“And one of the company said unto him, Master, speak to my brother, that he divide the inheritance with me.

“And he said unto him, Man, who made me a judge or a divider over you?

“And he said unto them, Take heed, and beware of covetousness: for a man’s life consisteth not in the abundance of the things which he possesseth.

“And he spake a parable unto them, saying, The ground of a certain rich man brought forth plentifully:

“And he thought within himself, saying, What shall I do, because I have no room where to bestow my fruits?

“And he said, This will I do: I will pull down my barns, and build greater, and there will I bestow all my fruits and my goods.

“And I will say to my soul, Soul, thou hast much goods laid up for many years; take thine ease, eat, drink, and be merry.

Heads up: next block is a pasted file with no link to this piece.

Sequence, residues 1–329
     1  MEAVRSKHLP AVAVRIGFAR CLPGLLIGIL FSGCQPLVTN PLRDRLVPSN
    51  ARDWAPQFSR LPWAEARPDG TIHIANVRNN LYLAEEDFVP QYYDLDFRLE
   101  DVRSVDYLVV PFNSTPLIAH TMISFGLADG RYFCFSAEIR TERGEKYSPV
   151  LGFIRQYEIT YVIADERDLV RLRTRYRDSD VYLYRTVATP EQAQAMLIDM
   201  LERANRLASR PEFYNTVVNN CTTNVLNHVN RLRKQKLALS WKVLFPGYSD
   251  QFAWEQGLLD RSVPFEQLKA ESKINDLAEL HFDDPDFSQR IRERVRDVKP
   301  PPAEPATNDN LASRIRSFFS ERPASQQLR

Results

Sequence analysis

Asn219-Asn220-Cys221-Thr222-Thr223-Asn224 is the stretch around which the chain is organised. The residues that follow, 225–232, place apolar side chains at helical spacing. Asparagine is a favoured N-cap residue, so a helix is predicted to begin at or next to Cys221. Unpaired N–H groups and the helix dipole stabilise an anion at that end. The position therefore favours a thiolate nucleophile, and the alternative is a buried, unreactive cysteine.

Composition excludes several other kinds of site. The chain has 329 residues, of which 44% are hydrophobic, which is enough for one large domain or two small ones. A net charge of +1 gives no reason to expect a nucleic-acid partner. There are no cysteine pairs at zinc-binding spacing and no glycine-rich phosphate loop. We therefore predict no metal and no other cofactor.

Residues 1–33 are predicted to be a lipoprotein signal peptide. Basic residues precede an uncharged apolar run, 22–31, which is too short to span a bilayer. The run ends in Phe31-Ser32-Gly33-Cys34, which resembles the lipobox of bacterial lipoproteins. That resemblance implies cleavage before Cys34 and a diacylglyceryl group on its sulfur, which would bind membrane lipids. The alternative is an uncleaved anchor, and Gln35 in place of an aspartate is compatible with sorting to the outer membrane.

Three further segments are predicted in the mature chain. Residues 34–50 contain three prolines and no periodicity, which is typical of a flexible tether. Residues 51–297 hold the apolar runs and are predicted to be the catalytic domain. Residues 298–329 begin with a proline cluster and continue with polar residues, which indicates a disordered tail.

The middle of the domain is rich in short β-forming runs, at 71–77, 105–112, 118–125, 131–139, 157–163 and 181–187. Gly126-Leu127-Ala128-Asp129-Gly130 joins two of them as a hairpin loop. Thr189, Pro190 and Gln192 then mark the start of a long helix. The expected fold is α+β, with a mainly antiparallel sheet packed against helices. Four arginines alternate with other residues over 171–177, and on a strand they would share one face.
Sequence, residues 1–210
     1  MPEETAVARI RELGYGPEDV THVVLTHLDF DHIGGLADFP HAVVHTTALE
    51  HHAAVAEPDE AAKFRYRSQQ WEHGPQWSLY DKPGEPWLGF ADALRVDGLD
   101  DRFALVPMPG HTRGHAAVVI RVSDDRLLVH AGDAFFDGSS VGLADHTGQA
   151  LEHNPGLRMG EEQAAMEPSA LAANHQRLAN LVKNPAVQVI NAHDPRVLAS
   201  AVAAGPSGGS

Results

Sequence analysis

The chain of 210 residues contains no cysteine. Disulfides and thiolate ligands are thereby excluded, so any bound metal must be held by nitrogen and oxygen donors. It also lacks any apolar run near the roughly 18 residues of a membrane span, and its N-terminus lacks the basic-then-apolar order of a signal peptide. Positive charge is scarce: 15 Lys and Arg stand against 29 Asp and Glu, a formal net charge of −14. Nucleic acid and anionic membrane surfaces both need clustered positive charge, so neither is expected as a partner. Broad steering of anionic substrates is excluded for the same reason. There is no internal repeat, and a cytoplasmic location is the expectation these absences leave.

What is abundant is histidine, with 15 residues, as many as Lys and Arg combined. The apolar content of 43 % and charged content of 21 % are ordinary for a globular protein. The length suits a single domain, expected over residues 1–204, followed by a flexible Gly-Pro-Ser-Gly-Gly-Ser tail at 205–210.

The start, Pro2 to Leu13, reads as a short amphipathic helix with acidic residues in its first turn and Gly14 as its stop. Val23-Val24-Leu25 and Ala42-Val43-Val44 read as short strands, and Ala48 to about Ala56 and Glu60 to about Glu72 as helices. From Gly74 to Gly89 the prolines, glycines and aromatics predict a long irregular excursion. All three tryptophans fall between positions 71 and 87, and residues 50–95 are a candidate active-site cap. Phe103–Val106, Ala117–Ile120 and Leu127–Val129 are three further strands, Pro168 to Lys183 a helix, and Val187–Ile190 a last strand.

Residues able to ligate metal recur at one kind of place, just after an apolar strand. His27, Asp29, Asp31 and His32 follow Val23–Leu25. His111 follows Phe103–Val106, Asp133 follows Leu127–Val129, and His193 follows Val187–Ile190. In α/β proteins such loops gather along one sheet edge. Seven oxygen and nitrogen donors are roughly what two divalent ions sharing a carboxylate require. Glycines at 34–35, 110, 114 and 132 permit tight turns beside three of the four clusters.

“But God said unto him, Thou fool, this night thy soul shall be required of thee: then whose shall those things be, which thou hast provided?

“So is he that layeth up treasure for himself, and is not rich toward God.” (Luke 12:13–21.)

How can we be rich toward God? Does this refer to the laying up of treasures in heaven by living his commandments—love of God and of our fellowmen? Wouldn’t living each day with these objectives in mind bring into our lives that peace spoken of by the Savior? Aren’t we all too much inclined to be encumbered about by many things and forget those things that are most needful?